Business stalls as summer doldrums hit stores
Wal-Mart's chief executive said he still feels good about the year.
NEW YORK (AP) -- The dog days of summer have most certainly arrived for the nation's retailers, with business stalling in July for a second straight month following a five-month streak of robust sales.
It's hard for anyone, retailers or industry analysts, to know what's going on. Are the consumers who shopped enthusiastically for brightly colored clothes during the spring taking a short break or, worried about gas prices and jobs, have they cut back their spending indefinitely until they can feel more secure?
If you go by retail sales and earnings results issued this past week, the outlook isn't bad at all.
On Thursday, Wal-Mart Stores Inc., Target Corp. and Kohl's Corp. offered upbeat forecasts for consumer spending as they reported solid second-quarter profits. Meanwhile, the Commerce Department reported a 0.7 percent increase in retail sales in July, following a 0.5 percent drop in June.
"Although I am concerned about high gasoline prices, I continue to believe that growth in employment and real income will lessen the impact," said Lee Scott, Wal-Mart's president and chief executive. "I still feel good about the year."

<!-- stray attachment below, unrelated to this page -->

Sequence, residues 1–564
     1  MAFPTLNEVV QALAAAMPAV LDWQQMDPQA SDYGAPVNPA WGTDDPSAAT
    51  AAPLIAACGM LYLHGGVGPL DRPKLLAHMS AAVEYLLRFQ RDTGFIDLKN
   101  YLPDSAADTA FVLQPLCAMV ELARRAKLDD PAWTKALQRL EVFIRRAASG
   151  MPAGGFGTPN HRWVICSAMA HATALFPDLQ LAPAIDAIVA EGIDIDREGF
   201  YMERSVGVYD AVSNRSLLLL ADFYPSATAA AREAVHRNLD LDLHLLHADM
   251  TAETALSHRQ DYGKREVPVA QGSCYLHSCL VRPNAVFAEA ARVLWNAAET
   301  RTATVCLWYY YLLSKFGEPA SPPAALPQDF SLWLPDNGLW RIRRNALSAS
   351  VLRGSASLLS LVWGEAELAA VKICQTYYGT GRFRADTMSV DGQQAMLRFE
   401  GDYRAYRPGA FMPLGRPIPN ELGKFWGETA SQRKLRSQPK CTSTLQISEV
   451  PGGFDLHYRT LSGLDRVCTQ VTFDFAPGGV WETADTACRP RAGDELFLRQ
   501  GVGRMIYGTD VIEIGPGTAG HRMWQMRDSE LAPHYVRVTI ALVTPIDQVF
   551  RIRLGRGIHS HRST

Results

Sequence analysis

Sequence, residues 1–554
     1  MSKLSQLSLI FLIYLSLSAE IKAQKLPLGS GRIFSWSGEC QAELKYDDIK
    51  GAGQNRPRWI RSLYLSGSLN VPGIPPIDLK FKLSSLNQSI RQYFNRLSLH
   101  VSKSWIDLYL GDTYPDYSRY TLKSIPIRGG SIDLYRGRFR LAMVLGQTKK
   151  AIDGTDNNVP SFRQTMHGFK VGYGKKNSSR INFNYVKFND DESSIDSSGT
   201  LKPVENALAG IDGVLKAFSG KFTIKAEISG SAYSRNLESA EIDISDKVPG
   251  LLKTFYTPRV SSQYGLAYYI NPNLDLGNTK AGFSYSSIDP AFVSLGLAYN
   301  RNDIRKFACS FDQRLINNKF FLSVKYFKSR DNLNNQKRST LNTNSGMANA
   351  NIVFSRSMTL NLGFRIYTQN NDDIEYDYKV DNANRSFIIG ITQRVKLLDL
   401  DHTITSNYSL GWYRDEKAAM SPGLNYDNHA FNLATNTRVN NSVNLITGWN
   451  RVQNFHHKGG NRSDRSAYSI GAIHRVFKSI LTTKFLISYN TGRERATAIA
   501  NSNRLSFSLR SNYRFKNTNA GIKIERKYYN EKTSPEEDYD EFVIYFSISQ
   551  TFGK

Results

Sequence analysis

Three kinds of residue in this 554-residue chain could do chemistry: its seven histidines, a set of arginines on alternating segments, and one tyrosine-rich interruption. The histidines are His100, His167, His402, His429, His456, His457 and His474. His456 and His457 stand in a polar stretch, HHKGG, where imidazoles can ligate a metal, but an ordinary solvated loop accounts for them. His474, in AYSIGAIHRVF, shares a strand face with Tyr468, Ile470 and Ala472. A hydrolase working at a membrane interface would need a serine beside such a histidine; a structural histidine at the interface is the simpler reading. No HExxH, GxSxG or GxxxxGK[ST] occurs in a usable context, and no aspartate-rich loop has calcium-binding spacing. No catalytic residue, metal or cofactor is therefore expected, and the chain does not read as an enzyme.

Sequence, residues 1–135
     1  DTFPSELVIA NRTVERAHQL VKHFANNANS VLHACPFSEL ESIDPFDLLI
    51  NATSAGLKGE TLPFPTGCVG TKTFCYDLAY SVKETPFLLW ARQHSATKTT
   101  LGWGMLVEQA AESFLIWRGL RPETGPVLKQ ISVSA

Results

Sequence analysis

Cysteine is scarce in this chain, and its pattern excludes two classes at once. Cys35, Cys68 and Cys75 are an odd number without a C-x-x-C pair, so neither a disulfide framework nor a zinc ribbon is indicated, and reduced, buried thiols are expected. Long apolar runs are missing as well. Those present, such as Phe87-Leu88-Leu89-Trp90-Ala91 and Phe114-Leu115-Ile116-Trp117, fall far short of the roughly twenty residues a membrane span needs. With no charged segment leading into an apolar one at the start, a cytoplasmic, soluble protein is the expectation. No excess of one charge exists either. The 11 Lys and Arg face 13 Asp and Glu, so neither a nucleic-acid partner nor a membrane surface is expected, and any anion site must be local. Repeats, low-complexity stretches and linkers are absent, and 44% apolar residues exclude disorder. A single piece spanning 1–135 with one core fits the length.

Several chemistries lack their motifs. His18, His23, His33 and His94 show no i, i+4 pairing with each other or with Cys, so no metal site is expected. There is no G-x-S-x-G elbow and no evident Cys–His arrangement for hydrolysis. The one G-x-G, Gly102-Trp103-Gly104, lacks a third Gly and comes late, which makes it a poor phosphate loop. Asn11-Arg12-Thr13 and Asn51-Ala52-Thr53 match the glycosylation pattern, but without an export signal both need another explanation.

But some economists are not yet convinced, and worry that the continuing rise in energy prices could further depress consumer spending. High oil prices could derail job growth, which was already extremely weak last month.
"How the price of oil behaves will determine how strong or weak the retail sales will be," said Sung Won Sohn, chief economist at Wells Fargo in Minneapolis. July's sales results showed a widening sales gap between stores that target low- and middle-income shoppers, and those catering to wealthier customers who are more financially equipped to handle higher gas prices and who feel more secure in their jobs.
One of the hardest-hit sectors has been mid-priced department stores like May Department Stores Co., which saw a pickup in sales earlier in the year but fell back into a decline in July. Family Dollar Stores Inc., whose customers tend to have smaller incomes, said earlier this month that sales of nonessential merchandise fell below company expectations.
"Hopefully, this will be a blip," said George Mahoney, executive vice president at Family Dollar.
Meanwhile, discounters like Target and Wal-Mart made somewhat of a recovery in July, but their results were still well below the pace of earlier this year.
Over the next few weeks, analysts will be closely watching the critical back-to-school business, which is a better indicator of consumer spending than summer sales. So far, the results have been mixed.
Among retailers that cater to teens, initial sales have run the gamut. American Eagle Outfitters Inc. reported a 21.7 percent gain in same-store sales in July, while Abercrombie & amp; Fitch suffered a 9 percent decline.
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